Cord cutting gear's next frontier: Better sound

Having checked most of the boxes on video quality, streaming players are now tackling home theater audio.

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Roku

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Next month, Roku will release a nifty update for the smart soundbar and subwoofer it released last fall: Owners will soon be able to pair those speakers with Roku’s existing wireless TV speakers to create a 5.1-channel surround sound system.

Unlike most soundbars, Roku’s doubles as a streaming video player akin to a Roku Streaming Stick+, providing both video and audio output when plugged into a television’s HDMI-ARC socket. Roku’s streaming remote also handles audio settings, so you don’t need  to juggle a separate remote to enhance dialog, reduce loud sounds, or boost bass levels. An on-screen menu system guides you through pairing the subwoofer and satellite speakers, and with the new surround setup, you can up-mix stereo audio to surround (for movies and shows) or sync audio evenly across the front and rear speakers (for music).

This kind of system could become the next big battleground for streaming media platforms such as Roku, Amazon Fire TV, Apple TV, and Android TV. Budget 4K televisions are readily available for less than $500 now, including ones that support advanced HDR formats such as Dolby Vision and HDR10+, and you can get streaming players to match for less than $50. Unless you plan to be on the bleeding edge of TV resolution at 8K, the next logical step is to make sure sound quality keeps up.

The problem with home theater audio

Having previously talked to companies like Roku, Amazon, and Google about their home theater audio ambitions, I know they’re all tackling the same problem: Upgrading from the cheap speakers built into most TVs is just too intimidating for non-nerds.

With so many companies offering their own combinations of soundbars, subwoofers, satellite speakers, and receivers, it’s hard to know where to start. And while HDMI-ARC (and the newly-upgraded eARC) are supposed to make setup simpler by letting a single HDMI port supply audio to all inputs; in practice, things can fall apart when you’re trying to string together a TV, an external streaming box, and an entirely separate sound system. I’ve heard from readers who struggle with audio latency, or are scratching their heads over HDMI handshake issues. And personally, I groan every time I need to grapple with the unintuitive remote on my Vizio 5.1 soundbar system.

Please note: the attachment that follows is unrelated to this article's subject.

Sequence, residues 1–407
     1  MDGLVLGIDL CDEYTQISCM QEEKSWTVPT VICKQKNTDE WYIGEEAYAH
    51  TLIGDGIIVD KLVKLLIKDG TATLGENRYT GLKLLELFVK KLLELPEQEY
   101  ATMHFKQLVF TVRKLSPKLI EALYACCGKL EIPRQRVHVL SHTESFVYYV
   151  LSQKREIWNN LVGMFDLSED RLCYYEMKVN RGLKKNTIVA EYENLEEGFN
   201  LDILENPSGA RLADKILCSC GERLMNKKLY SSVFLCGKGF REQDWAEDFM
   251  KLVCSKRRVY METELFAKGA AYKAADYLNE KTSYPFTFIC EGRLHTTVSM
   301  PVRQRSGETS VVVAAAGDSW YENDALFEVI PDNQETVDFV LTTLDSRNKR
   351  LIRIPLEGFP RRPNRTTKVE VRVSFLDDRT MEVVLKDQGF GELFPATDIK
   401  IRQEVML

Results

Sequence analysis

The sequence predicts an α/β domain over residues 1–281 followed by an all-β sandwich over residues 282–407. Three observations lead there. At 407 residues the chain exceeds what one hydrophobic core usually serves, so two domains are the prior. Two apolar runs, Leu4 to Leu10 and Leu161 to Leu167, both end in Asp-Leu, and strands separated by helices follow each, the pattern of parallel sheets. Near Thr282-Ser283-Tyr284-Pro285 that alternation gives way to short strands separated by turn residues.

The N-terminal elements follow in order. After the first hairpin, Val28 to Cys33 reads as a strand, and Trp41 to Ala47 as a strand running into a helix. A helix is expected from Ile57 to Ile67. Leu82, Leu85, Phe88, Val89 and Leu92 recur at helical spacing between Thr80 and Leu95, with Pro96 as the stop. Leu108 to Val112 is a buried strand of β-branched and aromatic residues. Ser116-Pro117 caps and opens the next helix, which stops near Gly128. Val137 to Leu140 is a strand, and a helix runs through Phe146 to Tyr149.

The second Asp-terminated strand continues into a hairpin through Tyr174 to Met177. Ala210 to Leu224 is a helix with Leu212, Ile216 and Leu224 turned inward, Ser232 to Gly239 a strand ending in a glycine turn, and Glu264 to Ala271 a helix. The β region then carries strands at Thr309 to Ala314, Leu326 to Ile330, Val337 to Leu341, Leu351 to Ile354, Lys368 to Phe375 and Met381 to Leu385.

While Roku’s smart soundbar might not appeal to audiophiles who are willing to tolerate  those inconveniences for a superior audio experience, it compensates with extreme ease of use for everyone else: A single device plugs into the TV for both streaming video and improved audio, and Roku’s software handles everything from optimizing audio quality to pairing extra speakers and subwoofers.

rokuhometheater Roku

Easy on-screen setup is one of the main attractions for Roku’s sound system.

This approach, of course, makes sense only if your TV consumption mostly comes from a single input source. If you’re constantly switching back and forth between, say, the Roku soundbar and a cable box, you’ll still get the same soundbar audio, but without the convenience of Roku’s software to manage settings. That’s why this next frontier in streaming gear will mainly appeal to those who’ve already cut cable TV. It might even convince more folks to cut the cord in the first place.

State of the speaker systems

Beyond just Roku, other streaming platforms are also trying to simplify home theater audio, albeit with mixed results.

Amazon and Google have both worked with existing audio companies to build their respective Fire TV and Android TV software into soundbars. Reviewers on Amazon, however, have dinged the Anker Nebula Fire TV Edition soundbar for poor sound quality (TechHive’s own review is in progress), and while the JBL Link Bar with Android TV sounds great, it struggles as a streaming player.

Amazon has also been building an extendable system on its own through Alexa Home Theater, which allows users to pair certain Fire TV devices with Amazon’s Echo speakers. A pair of Echo Dots or an Echo Studio, for instance, can sit by the television, while an Echo Sub can provide deeper bass. The result is better-than-TV audio with powerful Alexa voice controls, but with some drawbacks: At present you can’t add rear speakers to make a 5.1 surround sound system, and you must use the clunky Alexa app to set everything up.

Apple has also dabbled in home theater audio through the Apple TV streaming box, which can connect wirelessly to any AirPlay 2 speaker for output. If you have a HomePod speaker in front of the TV, you can route Apple TV audio through it simply by holding the play/pause button on the home screen and selecting the HomePod from the audio source list. Through Apple’s Home app, you can even pair two HomePods together for a wider stereo effect. Still, Apple hasn’t yet created its own 5.1 solution, and unlike Roku, Apple TV doesn’t offer any audio enhancement options beyond a “reduce loud sounds” toggle in its settings menu.

Looking ahead, though, these companies all have a strong incentive to make audio a priority and work through those issues. Beyond just providing a better experience for cord-cutters, integrated home theater systems like the kind Roku is building will represent a powerful form of lock-in for streaming platforms.

After all, once you’ve invested in Roku’s soundbar, subwoofer, and satellite speakers, chances are you’re not going to be switching to a Fire TV or Apple TV anytime soon.

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